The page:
Todd Howard, executive producer of Fallout 3, has told videogaming247 that its’ Bethesda’s aim to release the massively anticipated RPG for Xbox 360, PS3 and PC simultaneously.
“They should all be the same date,” he said. “That’s our plan.”
The news will delight PlayStation 3 owners, who were forced to wait until April 2007 for a version of Bethesda’s swords and sorcery smash, The Elder Scrolls IV: Oblivion, while Xbox 360 and PC versions hit in March 2006.
Fallout 3 is set in Wahington DC, 200 years after a nuclear holocaust. Howard told us that Cormac McCarthy’s recent novel, The Road, was among one of the big influences on the game’s development.
“The Road is fantastic and came out in the middle of our design phase, so it became required reading for many of us,” he said. “We looked at many post nuclear movies, some very disturbing, things that deal with Hiroshima and such, and it gave us a good look at that type of nuclear destruction. Other general ones we looked at were things dealing with survival or how people deal with the effects of any war or rebuilding.”
Fallout 3 is likely to be awesome beyond all belief, and if you haven’t read The Road yet you need to take a long hard look in the mirror. The game is scheduled to launch in the third quarter of 2008.
Read all of Todd’s answers to our questions after the link.
videogaming247: You’ve been keen to stress that Fallout 3 isn’t a shooter, that it’s an RPG in which you shoot. Firstly, why does the game’s classification matter so much, and, secondly, doesn’t the fact that the game has shooting elements means it’s going to appeal to both those interested in RPGs and those interested in FPSs?
Todd Howard: You’re probably right, in that it appeals to fans of both, and we’re OK with that. I don’t know that the game’s classification does matter much. I like to think of RPGs as the best genre-blenders, in that you can do anything in them. No type of interaction is off limits and you can have action parts, puzzle solving parts, or anything else. When you’re making a shooter, you never ask “can the player get married and have kids?” When you’re making an RPG, that type of thinking goes on all the time, so while it may look like a shooter, I think that dramatically undersells what the game does.
Obviously, the game’s pedigree is second to none, but this is a radical departure from the first two titles. What elements have you been careful to preserve as Fallout makes the jump to 3D?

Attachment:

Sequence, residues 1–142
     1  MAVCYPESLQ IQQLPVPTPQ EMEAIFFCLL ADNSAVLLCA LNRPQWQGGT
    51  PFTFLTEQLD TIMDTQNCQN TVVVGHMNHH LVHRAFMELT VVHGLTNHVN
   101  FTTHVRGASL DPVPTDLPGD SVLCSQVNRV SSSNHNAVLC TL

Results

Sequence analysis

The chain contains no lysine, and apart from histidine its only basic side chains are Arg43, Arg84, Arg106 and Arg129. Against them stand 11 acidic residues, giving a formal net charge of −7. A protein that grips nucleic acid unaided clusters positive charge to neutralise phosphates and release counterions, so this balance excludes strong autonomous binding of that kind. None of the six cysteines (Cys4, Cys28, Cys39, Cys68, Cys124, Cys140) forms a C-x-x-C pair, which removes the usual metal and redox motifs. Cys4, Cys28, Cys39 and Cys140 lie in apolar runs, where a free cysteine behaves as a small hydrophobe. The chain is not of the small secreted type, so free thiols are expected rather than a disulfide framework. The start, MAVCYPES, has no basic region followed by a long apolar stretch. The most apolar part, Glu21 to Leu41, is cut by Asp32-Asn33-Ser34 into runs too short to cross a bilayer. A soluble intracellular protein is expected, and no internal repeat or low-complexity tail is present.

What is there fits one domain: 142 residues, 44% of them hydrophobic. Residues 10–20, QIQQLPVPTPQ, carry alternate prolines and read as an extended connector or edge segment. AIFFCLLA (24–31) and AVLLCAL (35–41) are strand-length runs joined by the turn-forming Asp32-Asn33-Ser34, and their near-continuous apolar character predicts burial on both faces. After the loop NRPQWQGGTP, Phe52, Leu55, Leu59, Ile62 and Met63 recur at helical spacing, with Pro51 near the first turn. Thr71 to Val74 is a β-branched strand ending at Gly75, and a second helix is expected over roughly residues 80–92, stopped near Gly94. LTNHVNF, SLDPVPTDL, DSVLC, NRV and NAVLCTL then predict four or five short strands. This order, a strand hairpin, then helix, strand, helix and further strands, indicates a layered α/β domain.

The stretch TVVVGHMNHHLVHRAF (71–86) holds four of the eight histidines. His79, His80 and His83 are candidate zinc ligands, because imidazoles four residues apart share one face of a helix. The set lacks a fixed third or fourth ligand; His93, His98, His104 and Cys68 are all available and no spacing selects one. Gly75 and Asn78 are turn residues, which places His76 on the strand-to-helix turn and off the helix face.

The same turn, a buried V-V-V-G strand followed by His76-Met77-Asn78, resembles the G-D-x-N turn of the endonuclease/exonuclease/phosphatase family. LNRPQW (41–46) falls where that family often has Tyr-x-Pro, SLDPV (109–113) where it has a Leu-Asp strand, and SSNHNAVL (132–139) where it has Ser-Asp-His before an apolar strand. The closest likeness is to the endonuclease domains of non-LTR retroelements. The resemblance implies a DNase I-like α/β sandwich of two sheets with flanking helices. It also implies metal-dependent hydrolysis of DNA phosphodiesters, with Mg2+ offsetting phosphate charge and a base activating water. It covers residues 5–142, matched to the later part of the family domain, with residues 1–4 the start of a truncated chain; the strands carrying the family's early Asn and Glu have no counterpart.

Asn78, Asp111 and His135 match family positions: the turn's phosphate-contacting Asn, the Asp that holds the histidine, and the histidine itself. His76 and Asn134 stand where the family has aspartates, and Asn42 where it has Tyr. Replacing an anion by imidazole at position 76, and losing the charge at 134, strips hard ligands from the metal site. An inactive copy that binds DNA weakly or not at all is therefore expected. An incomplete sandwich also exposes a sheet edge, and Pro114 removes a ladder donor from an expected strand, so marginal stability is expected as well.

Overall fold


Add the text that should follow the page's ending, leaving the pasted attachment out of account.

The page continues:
The world around you and the lore of the Fallout world, it’s very important to us, and we’ve always loved it. It was that world we wanted to make come alive. In addition, I think the basic character system of Fallout, with your SPECIAL attributes and perks, is something we’ve tried hard to maintain. It’s a great system, where you have to make hard choices and those choices really define who you’re going to be and what type of game you’re going to play.
The “post-disaster” genre isn’t particularly well visited in games, certainly not as well as in movies and books. Do you look outside games for inspiration? We’re thinking along the lines of Cormac McCarthy’s “The Road”, and so on.
You picked one of the big ones, yes. “The Road” is fantastic and came out in the middle of our design phase, so it became required reading for many of us. We looked at many post nuclear movies, some very disturbing, things that deal with Hiroshima and such, and it gave us a good look at that type of nuclear destruction. Other general ones we looked at were things dealing with survival or how people deal with the effects of any war or rebuilding.
Twelve alternate endings sounds, to be frank, mental. Why so many? Do you feel the need for this product to be definitive?
That number is artificially inflated, in that what you get at the very end is based on a number of things you’ve done. Some of those tweaks to the ending are pretty small, so I think it’s better to simply say the game has multiple endings based on what you did. Some of the really big decisions that affect the end you make right at the end, but some of them deal more with your karma, and how you’ve lived your life.
Finally, can we expect all the SKUs to launch at once, or are we looking at a similar situation to the Oblivion release, where Microsoft enjoyed an exclusivity period on the console side?
They should all be the same date, that’s our plan.